This lively biography-cum-history reconstructs the life of George Andrew Crofutt, the hitherto anonymous author of the 19th Century's most popular travel guides to the American West and coiner of the term "transcontinental."
Crofutt's life story allows the author to knit together a riveting account of the growth of the American transport and tourist industries. With a sharp eye for social geography, the author uses abundant detail and well-chosen photographs to show how the 19th-Century West provided the traveler with "a new idea of what it is to be an American citizen."
Fifer's story begins in Crofutt's sleepy town of Danbury, Conn., where the industries were sleigh bells and silk hats, and in which travel was limited to stagecoach. (Danbury was not on the Erie Canal--but there is a map of the canal in the book because Crofutt later traveled it.) Crofutt moved to publishing ventures in Philadelphia, where he was editor of the newspaper, Monthly Rainbow, before setting off for the West. Each of the cities Crofutt visited--Philadelphia, Denver, Los Angeles--leads Fifer to a discussion of the most important means of transport of the period, together with the impact these had on tourism (and vice versa). The Los Angeles section includes a map of the Pacific Electric Railway system, which from the 1890s linked Pasadena, Los Angeles, Orange County and all the coastal ports from Long Beach to Santa Monica. We learn that the Grand Round was a "must" excursion for those wintering in Los Angeles; the full-day trip included visits to Lucky Baldwin's Santa Anita Ranch, Sunny Slope Vineyards, Winery and Distillery and the San Gabriel Mission.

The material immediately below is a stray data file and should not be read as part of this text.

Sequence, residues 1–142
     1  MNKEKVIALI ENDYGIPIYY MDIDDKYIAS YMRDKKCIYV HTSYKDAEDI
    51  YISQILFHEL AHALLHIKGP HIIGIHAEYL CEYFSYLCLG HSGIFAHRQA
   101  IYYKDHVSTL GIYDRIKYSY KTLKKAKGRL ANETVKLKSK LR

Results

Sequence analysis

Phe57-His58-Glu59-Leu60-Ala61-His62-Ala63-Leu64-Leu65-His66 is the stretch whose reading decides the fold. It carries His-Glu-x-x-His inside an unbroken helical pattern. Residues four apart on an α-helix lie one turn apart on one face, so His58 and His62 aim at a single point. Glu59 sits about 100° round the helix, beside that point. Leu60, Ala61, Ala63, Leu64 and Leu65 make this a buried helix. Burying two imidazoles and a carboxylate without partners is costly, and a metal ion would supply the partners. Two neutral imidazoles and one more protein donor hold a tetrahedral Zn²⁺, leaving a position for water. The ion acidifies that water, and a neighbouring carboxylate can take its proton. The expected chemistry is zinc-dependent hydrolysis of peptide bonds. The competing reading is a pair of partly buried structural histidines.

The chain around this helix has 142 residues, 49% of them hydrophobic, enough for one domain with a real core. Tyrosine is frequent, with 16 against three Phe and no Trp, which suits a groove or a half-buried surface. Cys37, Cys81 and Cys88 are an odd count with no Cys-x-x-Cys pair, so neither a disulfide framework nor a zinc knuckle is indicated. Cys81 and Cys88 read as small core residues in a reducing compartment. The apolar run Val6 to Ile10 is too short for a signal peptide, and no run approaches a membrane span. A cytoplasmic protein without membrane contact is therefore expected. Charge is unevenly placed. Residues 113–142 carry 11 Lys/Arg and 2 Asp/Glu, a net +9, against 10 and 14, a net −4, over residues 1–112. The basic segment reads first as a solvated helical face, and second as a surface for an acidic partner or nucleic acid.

The 1860s marked what Fifer calls one of the most "concentrated advertising campaigns and regional promotions the world has ever seen," and one which continues to serve as the model of tourist development schemes the world over. One of the effects of the tourist industry was "to make one part of our vast country known to the other," a politically vital enterprise in the period of the Civil War and its aftermath. These guide books were good geography, not the "variegated vagabondizing" frowned upon by Mark Twain. Surprisingly, by the 1890s all the familiar features of the Western America's tourist industry were already in place, including package tours, long-distance rail fare reductions, "everything under one roof" resort complexes and country clubs, health farms, dude ranches, and even pioneer reconstructions of "what-it-was-like-in-the-old-days" trips.